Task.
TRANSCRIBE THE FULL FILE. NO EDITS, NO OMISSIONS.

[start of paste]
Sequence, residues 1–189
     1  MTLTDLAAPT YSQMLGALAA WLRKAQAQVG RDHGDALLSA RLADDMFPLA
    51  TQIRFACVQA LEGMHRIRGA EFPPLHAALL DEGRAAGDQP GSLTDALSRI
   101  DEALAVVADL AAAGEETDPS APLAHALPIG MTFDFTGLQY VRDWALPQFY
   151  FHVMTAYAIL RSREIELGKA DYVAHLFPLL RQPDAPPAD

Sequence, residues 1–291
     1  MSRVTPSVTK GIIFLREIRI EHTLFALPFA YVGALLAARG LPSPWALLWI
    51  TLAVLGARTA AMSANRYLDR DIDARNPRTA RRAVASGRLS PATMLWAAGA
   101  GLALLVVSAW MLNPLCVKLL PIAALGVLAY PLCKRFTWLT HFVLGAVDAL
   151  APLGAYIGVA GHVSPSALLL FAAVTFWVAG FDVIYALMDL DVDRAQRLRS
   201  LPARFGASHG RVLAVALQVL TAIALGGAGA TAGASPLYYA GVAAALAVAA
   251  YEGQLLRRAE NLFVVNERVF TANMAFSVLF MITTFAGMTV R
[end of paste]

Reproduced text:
Sequence, residues 1–189
     1  MTLTDLAAPT YSQMLGALAA WLRKAQAQVG RDHGDALLSA RLADDMFPLA
    51  TQIRFACVQA LEGMHRIRGA EFPPLHAALL DEGRAAGDQP GSLTDALSRI
   101  DEALAVVADL AAAGEETDPS APLAHALPIG MTFDFTGLQY VRDWALPQFY
   151  FHVMTAYAIL RSREIELGKA DYVAHLFPLL RQPDAPPAD

Sequence, residues 1–291
     1  MSRVTPSVTK GIIFLREIRI EHTLFALPFA YVGALLAARG LPSPWALLWI
    51  TLAVLGARTA AMSANRYLDR DIDARNPRTA RRAVASGRLS PATMLWAAGA
   101  GLALLVVSAW MLNPLCVKLL PIAALGVLAY PLCKRFTWLT HFVLGAVDAL
   151  APLGAYIGVA GHVSPSALLL FAAVTFWVAG FDVIYALMDL DVDRAQRLRS
   201  LPARFGASHG RVLAVALQVL TAIALGGAGA TAGASPLYYA GVAAALAVAA
   251  YEGQLLRRAE NLFVVNERVF TANMAFSVLF MITTFAGMTV R